Nepal's ruling Maoist party has received a boost in by-elections to six seats, with the results coming in Saturday indicating it was poised to win three, including an opposition stronghold
By Sudeshna Sarkar
Kathmandu, April 11 (IANS) As the results of Friday’s bypolls began to come in, there were several unpleasant surprises for Nepal’s main opposition party while the ruling Maoists continued to ride the crest of success despite growing public criticism of their seven-month-old government.
Out of the six seats to which fresh elections were held, the results for three had been declared by Saturday afternoon while counting was yet to start in a remote constituency.
Nepal’s biggest opposition party, the Nepali Congress (NC), suffered an unexpected setback in Kanchanpur, being forced to concede it to its bitter rival, the Maoists.
The seat had been a stronghold of NC leader and former prime minister Sher Bahadur Deuba. It returned him to parliament in the 2008 election but was vacated after Deuba won from a second constituency as well.
The man Deuba had defeated had his revenge this time. Harish Thakulla, who was also known as Kamal Chhetri during the Maoists’ 10-year “People’s War”, comes from poor peasant stock and had lived in India’s Mumbai city for several years, supporting himself by hawking newspapers.
The NC is also lagging behind in Dhanusha district, which had voted for the party in 2008.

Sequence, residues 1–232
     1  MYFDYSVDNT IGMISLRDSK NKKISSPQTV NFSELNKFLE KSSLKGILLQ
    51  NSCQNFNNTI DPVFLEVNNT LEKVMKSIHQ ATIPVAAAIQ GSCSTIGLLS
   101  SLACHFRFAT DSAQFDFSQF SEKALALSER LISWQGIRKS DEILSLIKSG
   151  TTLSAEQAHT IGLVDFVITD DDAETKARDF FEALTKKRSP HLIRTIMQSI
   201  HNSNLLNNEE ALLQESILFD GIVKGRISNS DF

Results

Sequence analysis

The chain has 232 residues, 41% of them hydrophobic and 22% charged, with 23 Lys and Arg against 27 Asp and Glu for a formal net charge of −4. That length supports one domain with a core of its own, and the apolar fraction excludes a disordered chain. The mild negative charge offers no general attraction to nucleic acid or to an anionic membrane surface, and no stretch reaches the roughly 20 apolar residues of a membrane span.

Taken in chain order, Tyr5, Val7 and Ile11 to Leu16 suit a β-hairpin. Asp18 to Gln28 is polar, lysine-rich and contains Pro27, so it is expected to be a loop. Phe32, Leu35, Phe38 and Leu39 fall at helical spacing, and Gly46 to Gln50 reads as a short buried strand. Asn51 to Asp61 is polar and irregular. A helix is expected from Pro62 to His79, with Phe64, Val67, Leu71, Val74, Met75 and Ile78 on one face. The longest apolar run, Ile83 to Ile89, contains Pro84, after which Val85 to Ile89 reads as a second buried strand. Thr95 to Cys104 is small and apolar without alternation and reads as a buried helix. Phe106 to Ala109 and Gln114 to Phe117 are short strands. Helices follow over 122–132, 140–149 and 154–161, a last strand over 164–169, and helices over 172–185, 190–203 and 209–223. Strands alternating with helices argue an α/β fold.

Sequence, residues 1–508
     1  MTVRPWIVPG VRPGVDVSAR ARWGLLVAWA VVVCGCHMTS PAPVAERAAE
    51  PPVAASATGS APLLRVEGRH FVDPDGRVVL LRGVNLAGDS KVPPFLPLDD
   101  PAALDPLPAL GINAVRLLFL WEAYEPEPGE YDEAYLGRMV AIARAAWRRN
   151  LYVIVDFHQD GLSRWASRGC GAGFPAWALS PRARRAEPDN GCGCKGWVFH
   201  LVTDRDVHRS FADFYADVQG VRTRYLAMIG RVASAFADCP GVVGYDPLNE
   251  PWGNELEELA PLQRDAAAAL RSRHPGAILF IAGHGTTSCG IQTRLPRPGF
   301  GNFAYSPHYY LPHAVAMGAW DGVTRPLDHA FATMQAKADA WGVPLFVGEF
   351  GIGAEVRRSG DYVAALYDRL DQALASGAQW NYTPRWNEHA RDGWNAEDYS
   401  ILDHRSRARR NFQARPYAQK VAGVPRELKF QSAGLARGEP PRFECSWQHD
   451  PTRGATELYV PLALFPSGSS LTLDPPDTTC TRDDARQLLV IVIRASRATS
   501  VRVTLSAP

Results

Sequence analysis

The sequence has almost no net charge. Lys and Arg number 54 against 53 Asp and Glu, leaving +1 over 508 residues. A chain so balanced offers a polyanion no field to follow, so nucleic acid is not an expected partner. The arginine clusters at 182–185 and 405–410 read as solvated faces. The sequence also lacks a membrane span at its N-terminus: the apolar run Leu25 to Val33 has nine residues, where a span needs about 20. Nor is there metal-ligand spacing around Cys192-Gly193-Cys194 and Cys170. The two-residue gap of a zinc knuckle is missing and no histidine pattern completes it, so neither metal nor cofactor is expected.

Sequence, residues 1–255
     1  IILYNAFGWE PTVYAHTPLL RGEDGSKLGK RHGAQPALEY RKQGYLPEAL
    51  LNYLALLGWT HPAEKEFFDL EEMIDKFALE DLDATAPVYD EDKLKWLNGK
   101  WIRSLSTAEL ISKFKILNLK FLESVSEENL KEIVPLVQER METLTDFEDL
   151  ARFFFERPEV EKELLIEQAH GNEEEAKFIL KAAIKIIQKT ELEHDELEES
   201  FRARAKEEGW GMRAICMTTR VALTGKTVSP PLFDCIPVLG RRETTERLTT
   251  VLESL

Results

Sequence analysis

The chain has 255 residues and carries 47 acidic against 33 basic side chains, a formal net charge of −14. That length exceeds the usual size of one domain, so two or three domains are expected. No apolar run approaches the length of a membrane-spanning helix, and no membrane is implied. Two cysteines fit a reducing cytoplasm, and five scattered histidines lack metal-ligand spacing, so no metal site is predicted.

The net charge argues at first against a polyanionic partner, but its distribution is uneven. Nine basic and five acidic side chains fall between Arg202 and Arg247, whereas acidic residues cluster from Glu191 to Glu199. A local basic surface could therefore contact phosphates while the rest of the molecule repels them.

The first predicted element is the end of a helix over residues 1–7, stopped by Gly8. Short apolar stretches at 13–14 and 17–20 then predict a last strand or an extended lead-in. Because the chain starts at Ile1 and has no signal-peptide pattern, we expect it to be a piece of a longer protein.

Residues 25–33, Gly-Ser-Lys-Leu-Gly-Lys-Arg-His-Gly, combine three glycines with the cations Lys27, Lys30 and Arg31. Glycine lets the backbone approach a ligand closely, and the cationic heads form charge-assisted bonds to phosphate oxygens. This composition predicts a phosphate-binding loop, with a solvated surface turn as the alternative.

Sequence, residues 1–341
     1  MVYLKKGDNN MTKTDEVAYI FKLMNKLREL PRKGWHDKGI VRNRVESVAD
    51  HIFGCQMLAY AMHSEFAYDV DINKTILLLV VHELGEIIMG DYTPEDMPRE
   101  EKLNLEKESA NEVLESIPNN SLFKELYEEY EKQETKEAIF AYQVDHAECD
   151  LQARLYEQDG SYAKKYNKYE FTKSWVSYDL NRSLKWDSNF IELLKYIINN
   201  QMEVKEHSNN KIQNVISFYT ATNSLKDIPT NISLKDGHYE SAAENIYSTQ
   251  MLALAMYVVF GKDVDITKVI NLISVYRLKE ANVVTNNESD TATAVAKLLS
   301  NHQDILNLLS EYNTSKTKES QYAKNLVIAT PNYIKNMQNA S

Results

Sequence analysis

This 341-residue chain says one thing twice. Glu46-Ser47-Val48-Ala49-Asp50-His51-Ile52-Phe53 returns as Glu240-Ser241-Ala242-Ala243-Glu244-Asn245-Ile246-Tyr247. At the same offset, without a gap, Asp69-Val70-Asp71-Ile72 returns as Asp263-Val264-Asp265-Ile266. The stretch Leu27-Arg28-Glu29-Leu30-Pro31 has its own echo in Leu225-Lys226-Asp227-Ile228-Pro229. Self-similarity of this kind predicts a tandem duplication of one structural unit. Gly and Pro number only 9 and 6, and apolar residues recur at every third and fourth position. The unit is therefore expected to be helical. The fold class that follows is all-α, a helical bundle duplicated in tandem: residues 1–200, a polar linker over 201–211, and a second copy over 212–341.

NC’s Ram Baran Yadav had resigned the seat after he was elected the first president of republican Nepal, replacing deposed King Gyanendra as the head of state.
Though the NC put up the president’s son, radiologist Chandra Mohan Yadav, the debutant politician was floundering in third place with new regional party Terai Madhesh Loktantrik Party and the ruling Communist Party of Nepal-Unified Marxist Leninist, a member of the Maoist-led coalition government, fighting neck and neck.
The NC however got a shot in the arm when its candidate Shekhar Koirala won from Morang district in eastern Nepal.
Koirala, nephew of the NC chief and former premier Girija Prasad Koirala and uncle of Bollywood diva Manisha Koirala, had been humbled in the same constituency last year by new regional party Madhesi Janadhikar Forum (MJF).
This time however, he clawed back with the blessings of his octogenarian uncle, who was among the first few to cast their votes. Koirala won by a slender margin of 692 votes.
In the other seat in Morang, there were no surprises. Won last year by the MJF, it voted for the same party, with the Maoists coming a close second.
Counting will start late for the seat in Rolpa, regarded as the cradle of the Maoist movement and won last year by Maoist supremo Pushpa Kamal Dahal Prachanda.
It is likely to be retained by the ruling party despite a party dissenter contesting as an independent candidate.
The Maoists were leading in the sixth seat in Kaski district, won last year by Maoist Law Minister Dev Gurung. However, counting was reportedly stopped after a dispute.